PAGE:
By Kal Kaur IntroductionStructure to an Autonomous Car ActuationServomotor SensorsRobotic Cars Controlled by a SmartphoneReferences
The idea of robot cars has always been a question of how and when. Back in the early ‘80s, the closest thing you had to an artificially intelligent car was Kitt, an electronically-aided car as a 1982 Pontiac Firebird Trans Am as seen on the famous American television series ‘Knight Rider’ with Michael Knight as a field agent saving the day in a black leather jacket and a hairy chest. Interestingly, unlike big hairy chests, the design and engineering of robotic cars may soon cruise into modern-day research and development practices to pave the way for a new concept to customer cars.
In 2010, Researchers at Stanford University demonstrated their design and engineering efforts by presenting the autonomously-driven car named Shelley. The research was led by mechanical engineering associate Professor Chris Gerdes. Take a look at the video below, it demonstrates the autonomous car ‘Shelley’ being taken through a practice workout on the grass at the Santa Clara County Fairgrounds in San Jose where she explores the racing tracks and turning laps.
Structure to an Autonomous Car
A vehicle designed to be completely autonomous will able to perform all of the tasks to move itself, tasks that would normally require a human. Not only should an autonomous vehicle be able to take full control of the vehicle, but great emphasis should also be placed on the autonomous car’s ability to sense its environment and manipulate the function and speed of the car accordingly to allow for accuracy in movement when adapting to varying driving conditions. The idea of putting an autonomous car ‘through the mill and back’ was tested in 2010 by Stanford’s Robotic Audi that drove itself along the Pikes Peak Race Course in Colorado.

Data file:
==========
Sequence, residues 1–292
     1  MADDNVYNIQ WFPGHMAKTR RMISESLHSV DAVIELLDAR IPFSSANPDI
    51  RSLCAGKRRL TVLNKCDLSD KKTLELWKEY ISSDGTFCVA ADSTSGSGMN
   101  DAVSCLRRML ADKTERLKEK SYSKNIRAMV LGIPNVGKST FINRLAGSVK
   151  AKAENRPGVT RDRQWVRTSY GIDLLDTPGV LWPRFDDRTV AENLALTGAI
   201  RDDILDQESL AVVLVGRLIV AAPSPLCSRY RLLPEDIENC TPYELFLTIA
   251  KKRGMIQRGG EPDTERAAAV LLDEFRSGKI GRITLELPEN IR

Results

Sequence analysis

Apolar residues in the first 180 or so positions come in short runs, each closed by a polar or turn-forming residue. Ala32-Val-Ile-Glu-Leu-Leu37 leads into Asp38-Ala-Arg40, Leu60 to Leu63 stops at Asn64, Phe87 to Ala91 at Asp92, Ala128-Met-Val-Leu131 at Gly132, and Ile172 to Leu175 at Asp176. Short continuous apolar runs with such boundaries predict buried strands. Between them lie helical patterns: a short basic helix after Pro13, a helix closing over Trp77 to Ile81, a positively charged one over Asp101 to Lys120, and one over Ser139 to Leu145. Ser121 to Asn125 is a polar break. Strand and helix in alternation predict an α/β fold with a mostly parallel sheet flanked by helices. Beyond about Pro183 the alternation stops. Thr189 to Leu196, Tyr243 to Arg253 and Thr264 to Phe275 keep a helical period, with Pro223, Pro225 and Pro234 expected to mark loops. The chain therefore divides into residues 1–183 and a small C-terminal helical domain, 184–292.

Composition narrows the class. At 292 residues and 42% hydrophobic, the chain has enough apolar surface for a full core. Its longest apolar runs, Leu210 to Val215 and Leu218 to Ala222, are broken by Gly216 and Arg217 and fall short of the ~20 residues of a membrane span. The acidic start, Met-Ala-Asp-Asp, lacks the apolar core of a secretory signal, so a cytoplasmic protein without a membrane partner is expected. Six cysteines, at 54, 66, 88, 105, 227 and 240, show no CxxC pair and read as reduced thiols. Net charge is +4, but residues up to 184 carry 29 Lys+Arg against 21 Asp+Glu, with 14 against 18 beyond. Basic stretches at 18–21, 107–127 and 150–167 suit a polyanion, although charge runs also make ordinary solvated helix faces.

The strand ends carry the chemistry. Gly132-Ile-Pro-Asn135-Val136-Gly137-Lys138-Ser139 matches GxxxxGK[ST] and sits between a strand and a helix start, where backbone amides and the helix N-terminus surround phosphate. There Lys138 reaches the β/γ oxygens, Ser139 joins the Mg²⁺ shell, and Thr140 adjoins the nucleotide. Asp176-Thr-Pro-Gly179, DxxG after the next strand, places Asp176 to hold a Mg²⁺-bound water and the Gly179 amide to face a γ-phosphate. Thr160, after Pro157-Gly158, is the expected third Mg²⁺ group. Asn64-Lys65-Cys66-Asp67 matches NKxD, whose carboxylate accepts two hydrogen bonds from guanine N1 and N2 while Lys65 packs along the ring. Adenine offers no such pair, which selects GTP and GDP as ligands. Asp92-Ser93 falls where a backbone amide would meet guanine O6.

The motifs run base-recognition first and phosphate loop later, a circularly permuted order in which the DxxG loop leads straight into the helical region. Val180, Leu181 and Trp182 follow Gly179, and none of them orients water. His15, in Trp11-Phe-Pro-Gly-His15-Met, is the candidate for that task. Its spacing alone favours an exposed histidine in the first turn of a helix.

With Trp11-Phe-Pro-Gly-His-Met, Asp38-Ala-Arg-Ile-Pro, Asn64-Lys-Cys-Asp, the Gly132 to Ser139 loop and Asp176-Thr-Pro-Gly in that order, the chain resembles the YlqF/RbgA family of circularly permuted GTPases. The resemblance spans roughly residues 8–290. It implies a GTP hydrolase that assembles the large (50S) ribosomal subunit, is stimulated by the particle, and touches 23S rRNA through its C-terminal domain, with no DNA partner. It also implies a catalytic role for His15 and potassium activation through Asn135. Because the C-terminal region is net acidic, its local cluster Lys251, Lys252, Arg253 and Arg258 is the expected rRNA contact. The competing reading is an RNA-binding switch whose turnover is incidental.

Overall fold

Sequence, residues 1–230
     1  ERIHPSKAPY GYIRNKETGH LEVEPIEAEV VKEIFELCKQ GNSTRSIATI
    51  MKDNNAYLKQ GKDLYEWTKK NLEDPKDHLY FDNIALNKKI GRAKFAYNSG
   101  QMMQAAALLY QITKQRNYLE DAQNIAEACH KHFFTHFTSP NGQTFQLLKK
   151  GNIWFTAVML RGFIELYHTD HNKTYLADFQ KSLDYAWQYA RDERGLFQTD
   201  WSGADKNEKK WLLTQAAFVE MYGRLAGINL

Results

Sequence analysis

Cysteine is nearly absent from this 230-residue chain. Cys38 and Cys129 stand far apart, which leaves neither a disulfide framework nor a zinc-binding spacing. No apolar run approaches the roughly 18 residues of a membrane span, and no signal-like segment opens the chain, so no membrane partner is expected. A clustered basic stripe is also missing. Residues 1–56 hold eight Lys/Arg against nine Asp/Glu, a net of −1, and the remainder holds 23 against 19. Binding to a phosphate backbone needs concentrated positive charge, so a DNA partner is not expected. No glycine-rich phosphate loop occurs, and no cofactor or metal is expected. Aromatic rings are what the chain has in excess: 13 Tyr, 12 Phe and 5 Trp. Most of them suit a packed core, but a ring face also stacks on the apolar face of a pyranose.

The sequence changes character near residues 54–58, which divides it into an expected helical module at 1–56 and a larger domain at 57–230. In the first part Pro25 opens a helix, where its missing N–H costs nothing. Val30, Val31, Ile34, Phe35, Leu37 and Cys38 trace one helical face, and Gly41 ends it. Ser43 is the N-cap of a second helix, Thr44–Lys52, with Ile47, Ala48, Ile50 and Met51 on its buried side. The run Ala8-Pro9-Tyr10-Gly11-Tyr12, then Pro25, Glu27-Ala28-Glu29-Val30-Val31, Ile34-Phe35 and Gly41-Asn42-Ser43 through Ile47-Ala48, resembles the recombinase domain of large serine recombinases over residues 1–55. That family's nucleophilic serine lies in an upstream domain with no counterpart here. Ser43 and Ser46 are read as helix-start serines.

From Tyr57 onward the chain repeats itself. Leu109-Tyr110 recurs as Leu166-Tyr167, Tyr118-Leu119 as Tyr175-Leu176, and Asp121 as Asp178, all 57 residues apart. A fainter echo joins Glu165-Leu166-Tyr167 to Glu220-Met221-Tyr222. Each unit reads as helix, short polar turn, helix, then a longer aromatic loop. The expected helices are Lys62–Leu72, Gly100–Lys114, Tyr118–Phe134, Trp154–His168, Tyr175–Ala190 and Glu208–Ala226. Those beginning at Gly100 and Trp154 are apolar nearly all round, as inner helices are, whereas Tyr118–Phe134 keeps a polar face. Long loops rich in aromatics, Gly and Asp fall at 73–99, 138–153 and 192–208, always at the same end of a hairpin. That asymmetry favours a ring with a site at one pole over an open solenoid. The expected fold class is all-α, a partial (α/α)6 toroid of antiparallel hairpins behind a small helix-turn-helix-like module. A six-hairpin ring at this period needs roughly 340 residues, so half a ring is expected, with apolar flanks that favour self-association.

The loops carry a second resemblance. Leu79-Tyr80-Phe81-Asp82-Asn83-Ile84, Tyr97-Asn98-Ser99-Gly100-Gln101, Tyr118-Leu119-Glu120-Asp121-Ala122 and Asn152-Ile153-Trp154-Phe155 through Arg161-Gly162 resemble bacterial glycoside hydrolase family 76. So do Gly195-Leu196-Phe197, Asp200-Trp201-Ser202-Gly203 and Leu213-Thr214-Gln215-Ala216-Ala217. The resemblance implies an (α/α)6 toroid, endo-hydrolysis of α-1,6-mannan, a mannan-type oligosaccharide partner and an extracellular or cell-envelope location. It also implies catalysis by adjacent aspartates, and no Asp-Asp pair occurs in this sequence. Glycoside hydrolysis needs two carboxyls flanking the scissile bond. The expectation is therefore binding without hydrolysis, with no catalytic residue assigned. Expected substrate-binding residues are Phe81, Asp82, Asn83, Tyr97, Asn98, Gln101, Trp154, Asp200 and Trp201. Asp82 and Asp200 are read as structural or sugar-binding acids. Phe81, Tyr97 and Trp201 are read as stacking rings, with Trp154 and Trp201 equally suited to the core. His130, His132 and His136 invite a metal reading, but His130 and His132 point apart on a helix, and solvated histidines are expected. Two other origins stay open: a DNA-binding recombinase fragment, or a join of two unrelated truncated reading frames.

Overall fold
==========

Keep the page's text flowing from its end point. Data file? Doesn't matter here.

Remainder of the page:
To understand what’s involved in the design and engineering of a robotic car, it’s important to be aware of the components in the car that will make it react without being manually controlled by a human. Let’s sit back and take a look at an overview of some of the main actuation and sensory components in an autonomous vehicle that are fundamental in allowing a vehicle to sense its environment. Actuation
Actuation to a vehicle is possible with the application of direct current (DC) motors and servomotors. The DC motors are important for controlling movement of the rear wheels to a car and are key to converting an electrical current to torque (a product of force that results in the rotation of an object). The general concept here being that the more force applied to the DC motor, the more torque produced to power movement of the shaft. In the context of robotic cars, a digital signal would be required to power the DC motor using Pulse Width Modulation, but motor control cannot work via digital signals because it is difficult to deliver circuitry to the motor. However, an interface circuit called an H-bridge can help convert a digital signal that is of low power into a signal that is strong enough to isolate the DC motor and activate it. Servomotor
This type of motor works to monitor the position and speed of a moving vehicle via a feedback loop to control the speed generated – a device used to provide precise control of motor output. Sensors